The Townsite Era - Page 2


Dr. Barton & Company

This Old House

The Van Leuven's first home burned down in 1868. The stovepipe caught on fire and no one could put it out.

Anson and his wife Elizabeth molded thousands of bricks, fired them, and built a beautiful mansion.

You can see that home today at 10664 Mountain View Ave. in Loma Linda. It has been restored. It is now the office and clubhouse for an apartment complex.

Van Leuven Mansion on Mt. View Ave.

You can see the original bricks that the Van Leuvens made. Some of the stucco has fallen off the northeast corner of the house. The bricks look very much like the bricks on the Barton House or the John Rains house.

Horace Frink's Adventures

Horace Frink was a young man when the first Mormons traveled west. He drove Brigham Young's wagon to Salt Lake City. He came with the settlers to San Bernardino in 1851. He became a scout for General Fremont and drove wagons full of gold. He finally became a rancher and settled in the Loma Linda area.

Horace Frink liked the homes made of mud bricks called "adobe". He built a nice adobe home on Cottonwood Row. You can see it sitting among the orange trees at 26248 Mission Road. If you go by, you can see the house. Don't go in the house, though! There is a family living there.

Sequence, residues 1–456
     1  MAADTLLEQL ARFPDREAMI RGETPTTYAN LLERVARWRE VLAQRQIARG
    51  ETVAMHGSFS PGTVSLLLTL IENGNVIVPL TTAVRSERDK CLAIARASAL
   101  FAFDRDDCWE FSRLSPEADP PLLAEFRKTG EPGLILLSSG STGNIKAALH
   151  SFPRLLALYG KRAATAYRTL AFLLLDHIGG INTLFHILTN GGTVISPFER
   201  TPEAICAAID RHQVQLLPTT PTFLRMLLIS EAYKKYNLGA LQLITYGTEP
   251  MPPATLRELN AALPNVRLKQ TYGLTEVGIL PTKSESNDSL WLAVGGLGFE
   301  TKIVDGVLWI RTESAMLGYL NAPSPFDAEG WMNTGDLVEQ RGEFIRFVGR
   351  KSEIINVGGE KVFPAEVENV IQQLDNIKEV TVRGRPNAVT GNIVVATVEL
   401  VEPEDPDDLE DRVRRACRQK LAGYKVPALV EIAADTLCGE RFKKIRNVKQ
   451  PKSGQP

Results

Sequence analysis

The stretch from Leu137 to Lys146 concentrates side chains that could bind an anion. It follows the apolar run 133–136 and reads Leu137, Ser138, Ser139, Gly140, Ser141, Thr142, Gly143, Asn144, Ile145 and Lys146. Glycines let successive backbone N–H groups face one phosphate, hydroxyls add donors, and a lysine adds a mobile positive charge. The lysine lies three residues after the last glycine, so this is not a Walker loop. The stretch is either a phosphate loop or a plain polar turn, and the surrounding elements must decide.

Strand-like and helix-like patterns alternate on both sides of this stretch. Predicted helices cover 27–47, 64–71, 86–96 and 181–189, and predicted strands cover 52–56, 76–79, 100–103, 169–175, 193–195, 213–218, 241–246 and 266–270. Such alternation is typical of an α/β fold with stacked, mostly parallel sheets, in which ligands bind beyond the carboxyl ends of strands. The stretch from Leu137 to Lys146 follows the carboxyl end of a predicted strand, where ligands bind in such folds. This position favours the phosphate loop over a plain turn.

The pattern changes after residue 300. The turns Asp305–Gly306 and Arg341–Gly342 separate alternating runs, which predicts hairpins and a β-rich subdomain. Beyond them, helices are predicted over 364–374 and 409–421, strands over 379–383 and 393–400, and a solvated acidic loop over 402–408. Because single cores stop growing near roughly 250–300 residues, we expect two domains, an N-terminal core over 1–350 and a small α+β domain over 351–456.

The Frink Adobe is a historic home. It is owned by the City of Loma Linda. They plan to protect and restore it.

The Frink Family in front of their home, late 1800's
San Bernardino County Museum

Frink Adobe on Mission Road today

Horace Frink, the Army scout
San Bernardino County Museum

Snug Harbor

Captain Lewis Smith Davis bought an orange grove in Mound City in 1895. He had retired from the sea. He wanted a home with a view. He wanted to feel like his home was his ship.

The Davises had a 24-room house built. It is all made of redwood. The gardens are designed to look like the deck of a ship. The front porch is like the helm. There is a compass made into the tile on the porch.

In the picture (right) Captain Davis is inspecting his grove of orange trees. If you were standing there today, the view would be very different. The little palm trees are now very tall, and you would see Loma Linda Medical Center in the distance.

Snug Harbor is at 11170 Ritchie Circle, off Prospect Avenue. Loma Linda University now owns Snug Harbor. The University plans to restore it so patients visiting the hospital can stay there.

See the view from Captain Davis' front porch!

You must have QuickTime installed to see the panorama.

(Download QuickTime link)

 Snug Harbor Today